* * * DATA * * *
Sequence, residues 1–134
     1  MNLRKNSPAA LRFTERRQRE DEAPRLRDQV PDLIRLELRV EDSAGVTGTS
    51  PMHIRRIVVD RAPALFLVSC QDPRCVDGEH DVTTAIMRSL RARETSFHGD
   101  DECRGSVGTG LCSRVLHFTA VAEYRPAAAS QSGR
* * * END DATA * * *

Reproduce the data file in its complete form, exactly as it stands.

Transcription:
Sequence, residues 1–134
     1  MNLRKNSPAA LRFTERRQRE DEAPRLRDQV PDLIRLELRV EDSAGVTGTS
    51  PMHIRRIVVD RAPALFLVSC QDPRCVDGEH DVTTAIMRSL RARETSFHGD
   101  DECRGSVGTG LCSRVLHFTA VAEYRPAAAS QSGR